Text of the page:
SUNDANCE REVIEW: 'Being Elmo: A Puppeteer's Journey' Pulls Back the Curtain on Iconic Character
Sundance Film Festival, U.S. Documentary Competition
Philip Shane, Justin Weinstein
Constance Marks' U.S. Documentary Competition film will connect across generations and cultures as it traces the career of African-American puppeteer Kevin Clash.
PARK CITY -- (U.S. Documentary Competition) Who doesn't love Elmo? Sesame Street's sweet-natured, red-furred puppet with the big orange nose and comically crossed eyes has been entertaining and educating kids for two decades on the national PBS show. Pulling back the curtain on this iconic character, doc filmmaker Constance Marks discovers African-American puppeteer nonpareil Kevin Clash, the artist behind the puppet persona.
Running just 76 minutes, Being Elmo is suitable even for young viewers and has outstanding potential to reach a loyal, built-in family audience in theatrical release, as well as on public TV or cable, DVD and VOD.
Marks' doc is wonderfully enhanced by an incredible timeline of home video, archival footage and TV clips illustrating the arc of Clash's career. Beginning as a puppeteer when he was only 10, Clash conceived, designed and constructed his own characters in his parents' Baltimore-area home in the 1970s, putting on backyard shows for neighborhood kids. Gaining the attention of local entertainers, he began to perform publicly before being cast on the local CBS affiliate's Caboose children's program.
As a teenager, Clash was introduced to the renowned Kermit Love, lead designer for near-legendary puppeteer and Muppet creator Jim Henson, who encouraged the young performer's career after observing Clash's creative and acting skills. Just out of high school, Clash landed a role on the classic Captain Kangaroo TV show and moved to New York City, although it wasn't until 1986's Labyrinth that he realized his lifelong dream of working with Oscar-nominated director Henson.
Clash joined Sesame Street in the mid-80s, working with some of the world's top puppeteers, although it was by complete coincidence that he assumed the role of Elmo. Clash reinvented the furry red monster as a mischievous character pitched to connect with the youngest audience members through simple dialogue and copious hugs. "I knew that Elmo had to represent love," he succinctly recalls in an interview.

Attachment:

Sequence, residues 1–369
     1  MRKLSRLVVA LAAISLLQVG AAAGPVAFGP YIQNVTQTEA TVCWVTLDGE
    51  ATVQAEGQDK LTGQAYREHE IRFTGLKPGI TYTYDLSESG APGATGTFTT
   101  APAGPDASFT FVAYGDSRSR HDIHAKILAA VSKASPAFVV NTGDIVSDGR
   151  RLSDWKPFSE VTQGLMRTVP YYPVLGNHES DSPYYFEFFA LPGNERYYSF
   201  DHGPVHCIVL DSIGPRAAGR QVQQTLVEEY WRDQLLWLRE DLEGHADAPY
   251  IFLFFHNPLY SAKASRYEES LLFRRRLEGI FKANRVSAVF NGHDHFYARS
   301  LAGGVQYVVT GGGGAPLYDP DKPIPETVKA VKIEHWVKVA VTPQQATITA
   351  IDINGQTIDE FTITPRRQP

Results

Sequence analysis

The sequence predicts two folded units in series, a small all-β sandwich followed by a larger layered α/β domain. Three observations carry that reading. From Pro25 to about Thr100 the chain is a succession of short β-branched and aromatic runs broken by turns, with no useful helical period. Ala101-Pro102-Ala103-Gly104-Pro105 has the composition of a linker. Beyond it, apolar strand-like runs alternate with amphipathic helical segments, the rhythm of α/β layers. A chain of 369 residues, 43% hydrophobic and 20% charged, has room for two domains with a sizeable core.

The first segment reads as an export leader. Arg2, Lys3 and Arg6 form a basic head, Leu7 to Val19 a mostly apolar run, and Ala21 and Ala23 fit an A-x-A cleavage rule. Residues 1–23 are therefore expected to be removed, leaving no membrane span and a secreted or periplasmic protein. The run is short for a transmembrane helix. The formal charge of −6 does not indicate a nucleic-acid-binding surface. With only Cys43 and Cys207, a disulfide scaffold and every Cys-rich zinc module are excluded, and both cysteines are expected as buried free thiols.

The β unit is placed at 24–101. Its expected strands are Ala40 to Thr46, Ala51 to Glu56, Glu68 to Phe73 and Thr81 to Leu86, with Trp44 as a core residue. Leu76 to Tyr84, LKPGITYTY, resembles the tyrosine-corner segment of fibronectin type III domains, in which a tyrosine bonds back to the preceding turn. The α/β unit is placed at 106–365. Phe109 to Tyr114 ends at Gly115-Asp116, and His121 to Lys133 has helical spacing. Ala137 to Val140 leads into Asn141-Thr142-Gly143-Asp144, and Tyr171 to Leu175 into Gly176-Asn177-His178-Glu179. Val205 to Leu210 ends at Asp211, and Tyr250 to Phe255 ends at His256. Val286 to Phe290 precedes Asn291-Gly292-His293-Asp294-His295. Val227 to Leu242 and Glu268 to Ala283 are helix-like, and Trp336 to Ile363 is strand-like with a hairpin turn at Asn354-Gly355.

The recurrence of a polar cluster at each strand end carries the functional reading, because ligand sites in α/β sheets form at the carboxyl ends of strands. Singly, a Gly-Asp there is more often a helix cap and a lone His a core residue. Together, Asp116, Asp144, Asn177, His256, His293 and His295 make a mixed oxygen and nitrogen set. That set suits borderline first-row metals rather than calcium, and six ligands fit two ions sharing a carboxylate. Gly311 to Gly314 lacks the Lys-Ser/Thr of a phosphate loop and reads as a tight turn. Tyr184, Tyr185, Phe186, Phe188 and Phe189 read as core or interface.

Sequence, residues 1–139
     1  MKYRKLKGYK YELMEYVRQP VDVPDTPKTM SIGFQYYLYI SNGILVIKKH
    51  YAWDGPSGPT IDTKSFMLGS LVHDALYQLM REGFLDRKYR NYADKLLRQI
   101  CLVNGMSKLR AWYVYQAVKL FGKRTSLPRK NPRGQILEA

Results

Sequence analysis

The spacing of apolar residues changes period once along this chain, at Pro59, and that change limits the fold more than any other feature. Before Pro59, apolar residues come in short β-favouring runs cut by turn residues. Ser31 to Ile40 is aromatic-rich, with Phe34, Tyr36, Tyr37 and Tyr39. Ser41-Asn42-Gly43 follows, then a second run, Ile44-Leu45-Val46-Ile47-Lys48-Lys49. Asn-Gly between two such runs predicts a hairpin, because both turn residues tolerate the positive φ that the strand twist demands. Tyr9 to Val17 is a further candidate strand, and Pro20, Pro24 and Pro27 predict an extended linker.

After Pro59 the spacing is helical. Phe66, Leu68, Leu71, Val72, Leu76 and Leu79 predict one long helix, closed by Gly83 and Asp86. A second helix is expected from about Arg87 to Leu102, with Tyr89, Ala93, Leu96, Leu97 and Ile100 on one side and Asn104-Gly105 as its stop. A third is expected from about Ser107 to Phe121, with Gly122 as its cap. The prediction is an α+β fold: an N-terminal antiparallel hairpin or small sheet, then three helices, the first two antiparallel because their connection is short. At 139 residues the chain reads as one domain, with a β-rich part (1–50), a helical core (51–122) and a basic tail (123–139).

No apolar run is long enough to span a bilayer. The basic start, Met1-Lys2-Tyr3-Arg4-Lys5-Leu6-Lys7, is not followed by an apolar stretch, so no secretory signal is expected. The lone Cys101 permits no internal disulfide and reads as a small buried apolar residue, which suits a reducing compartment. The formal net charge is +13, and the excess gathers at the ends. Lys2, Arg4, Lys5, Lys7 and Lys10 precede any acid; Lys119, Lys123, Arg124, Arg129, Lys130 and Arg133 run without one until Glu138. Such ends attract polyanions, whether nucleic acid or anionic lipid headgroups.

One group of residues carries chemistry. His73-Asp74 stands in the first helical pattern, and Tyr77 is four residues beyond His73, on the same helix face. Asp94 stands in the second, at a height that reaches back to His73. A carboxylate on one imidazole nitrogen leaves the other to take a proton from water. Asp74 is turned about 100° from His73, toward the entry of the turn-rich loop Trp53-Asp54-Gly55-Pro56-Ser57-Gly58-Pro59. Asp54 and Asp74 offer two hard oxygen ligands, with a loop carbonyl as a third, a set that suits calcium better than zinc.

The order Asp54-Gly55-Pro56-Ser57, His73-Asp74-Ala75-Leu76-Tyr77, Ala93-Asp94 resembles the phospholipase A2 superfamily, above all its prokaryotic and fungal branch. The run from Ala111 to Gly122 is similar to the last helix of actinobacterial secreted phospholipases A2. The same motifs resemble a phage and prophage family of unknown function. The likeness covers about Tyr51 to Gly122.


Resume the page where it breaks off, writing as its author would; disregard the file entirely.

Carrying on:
Clash has been the Elmo puppeteer ever since, performing on the show as well as for PBS specials, DVD releases and TV movies while earning nine Daytime Emmy Awards. He eventually assumed the title of Sesame Street's Senior Puppet Coordinator and Muppet Captain, while also directing and producing show segments and TV specials.
With six years in production, veteran doc filmmaker Marks was able to expertly weave together the strands of Clash's career, combining archival sources and generous interviews with the performer and his many admirers. Whoopi Goldberg provides suitably sparse, incisive narration, while the priceless footage of Clash performing Elmo on TV and for live audiences gets to the core of the effusive enjoyment he takes performing for youngsters.
Although the filmmakers could have provided more background on how the character of Elmo was developed and his integral role on Sesame Street, the little monster does a pretty good job of speaking for himself.
Production values are top-notch, particularly the cinematography by James Miller and Joel Goodman's energetic, fanciful score. Being Elmo is a rare documentary that will connect across generations and cultures to delight viewers worldwide for years to come.
Venue: Sundance Film Festival, U.S. Documentary Competition
Production company: Constance Marks Productions
Director: Constance Marks
Screenwriters: Philip Shane, Justin Weinstein
Producers: Constance Marks, James Miller, Corinne LaPook
Director of photography: James Miller
Music: Joel Goodman
Editors: Philip Shane, Justin Weinstein
Sales: Submarine Entertainment
No rating, 76 minutes
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